WASHINGTON — In a deal that leaves network affiliates in the cold, the cable industry may have found a way to avoid much-dreaded governmental intervention in the contentious debate over digital must-carry.
The National Cable & Telecommunications Assn. and the Assn. of Public Television Stations unveiled an agreement Monday in which NCTA members will carry up to four digital multicast channels offered by a local pubcaster.
The transition from analog to digital, which is hoped to be completed by 2009 although the Federal Communications Commission has yet to set a hard date, has sparked a dispute between broadcasters and cable operators over the number of broadcast channels a cabler must offer. Analog signals can only send one channel, but digital can carry several (multicasting).
The FCC ruled in January 2001 that cable operators only had to carry one channel from a digital multicast. However, arguing that to be economically viable in the digital age, commercial broadcasters claim all their channels must be carried on cable, and have thus pressed the FCC to reconsider and force cablers to carry more.
Monday’s deal between NCTA and APTS marks the first agreement hammered out on the issue.
APTS prexy John Lawson said, “Our agreement with NCTA means that the digital programming streams of every public television station in America will be carried on every major cable system in America.”
Robert Sachs, NCTA prexy, emphasized that the agreement, 18 months in the making, demonstrated no need for governmental intervention in the must-carry dispute.
“I think it is fair to say that both sides recognized the benefits of resolving very complex digital TV issues through private contractual negotiations rather than having the government dictate the terms of cable carriage,” Sachs said.
FCC chairman Michael Powell also hailed the deal. “Today’s announcement serves as a testament to both the public broadcast community’s commitment to driving the DTV transition and cable operators’ willingness to carry compelling digital broadcast programming to its subscribers,” he said. “I also want to commend Commissioners (Jonathan) Adelstein and (Kathleen) Abernathy on their efforts to encourage this voluntary industry agreement.”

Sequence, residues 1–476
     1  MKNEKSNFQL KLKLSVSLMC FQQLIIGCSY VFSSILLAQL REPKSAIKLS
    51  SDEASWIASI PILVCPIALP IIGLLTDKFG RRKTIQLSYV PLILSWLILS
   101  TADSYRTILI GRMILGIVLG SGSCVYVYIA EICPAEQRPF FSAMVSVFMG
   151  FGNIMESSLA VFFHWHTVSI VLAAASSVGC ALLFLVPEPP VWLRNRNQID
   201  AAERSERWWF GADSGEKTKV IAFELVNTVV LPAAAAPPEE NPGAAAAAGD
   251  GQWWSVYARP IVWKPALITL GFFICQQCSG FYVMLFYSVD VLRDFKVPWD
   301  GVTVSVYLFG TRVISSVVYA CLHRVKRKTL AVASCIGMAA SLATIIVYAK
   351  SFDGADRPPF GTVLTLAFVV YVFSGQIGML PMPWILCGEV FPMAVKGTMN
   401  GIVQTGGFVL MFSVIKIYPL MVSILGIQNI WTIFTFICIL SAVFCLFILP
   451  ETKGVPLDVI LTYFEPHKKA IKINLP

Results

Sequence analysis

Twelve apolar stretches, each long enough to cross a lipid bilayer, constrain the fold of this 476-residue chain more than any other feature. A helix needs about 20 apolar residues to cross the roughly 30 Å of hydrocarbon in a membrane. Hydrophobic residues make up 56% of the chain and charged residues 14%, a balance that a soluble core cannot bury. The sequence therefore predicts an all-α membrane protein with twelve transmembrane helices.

The FCC is scheduled to vote Feb. 10 whether to reconsider its 2001 ruling. Powell wants to let the market sort things out, and the NCTA-APTS agreement supports his position. Commercial broadcasters are campaigning to postpone that vote until Powell has left the FCC in March.
The agreement must be ratified by NCTA and APTS within 60 days to become effective. Sachs and Lawson fully expect that will happen.
NCTA is not negotiating with commercial broadcasters for a similar agreement. “There isn’t any unity among commercial broadcasters in what they want,” Sachs said.
Meanwhile, the National Assn. of Broadcasters, which represents radio and television broadcasters, released the following statement: “Because of government underwriting of PBS, it’s easy to see why the cable industry was motivated to reach this tentative agreement. By NCTA’s own admission, cable gatekeepers are blocking consumer access to the digital and high-definition signals of more than two-thirds of all local television stations. We would hope that NCTA and its members would reconsider their hardline position and use the PBS agreement as a template for negotiating carriage of commercial DTV programming.”